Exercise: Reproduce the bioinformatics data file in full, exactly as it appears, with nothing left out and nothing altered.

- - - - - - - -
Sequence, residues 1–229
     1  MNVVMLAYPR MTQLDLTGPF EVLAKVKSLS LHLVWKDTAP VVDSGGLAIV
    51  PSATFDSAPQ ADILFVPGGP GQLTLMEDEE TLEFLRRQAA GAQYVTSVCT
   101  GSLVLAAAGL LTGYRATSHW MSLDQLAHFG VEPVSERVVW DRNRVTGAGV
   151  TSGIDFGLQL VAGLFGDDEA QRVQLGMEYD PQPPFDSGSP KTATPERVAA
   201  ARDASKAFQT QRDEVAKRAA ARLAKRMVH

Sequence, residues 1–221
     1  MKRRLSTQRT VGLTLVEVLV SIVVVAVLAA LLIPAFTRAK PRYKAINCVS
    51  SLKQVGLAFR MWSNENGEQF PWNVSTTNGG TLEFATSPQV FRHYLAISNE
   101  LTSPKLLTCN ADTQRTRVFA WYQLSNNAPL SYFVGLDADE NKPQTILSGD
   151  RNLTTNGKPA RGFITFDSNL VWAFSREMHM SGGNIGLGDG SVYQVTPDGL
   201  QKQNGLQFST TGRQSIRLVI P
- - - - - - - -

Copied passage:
Sequence, residues 1–229
     1  MNVVMLAYPR MTQLDLTGPF EVLAKVKSLS LHLVWKDTAP VVDSGGLAIV
    51  PSATFDSAPQ ADILFVPGGP GQLTLMEDEE TLEFLRRQAA GAQYVTSVCT
   101  GSLVLAAAGL LTGYRATSHW MSLDQLAHFG VEPVSERVVW DRNRVTGAGV
   151  TSGIDFGLQL VAGLFGDDEA QRVQLGMEYD PQPPFDSGSP KTATPERVAA
   201  ARDASKAFQT QRDEVAKRAA ARLAKRMVH

Sequence, residues 1–221
     1  MKRRLSTQRT VGLTLVEVLV SIVVVAVLAA LLIPAFTRAK PRYKAINCVS
    51  SLKQVGLAFR MWSNENGEQF PWNVSTTNGG TLEFATSPQV FRHYLAISNE
   101  LTSPKLLTCN ADTQRTRVFA WYQLSNNAPL SYFVGLDADE NKPQTILSGD
   151  RNLTTNGKPA RGFITFDSNL VWAFSREMHM SGGNIGLGDG SVYQVTPDGL
   201  QKQNGLQFST TGRQSIRLVI P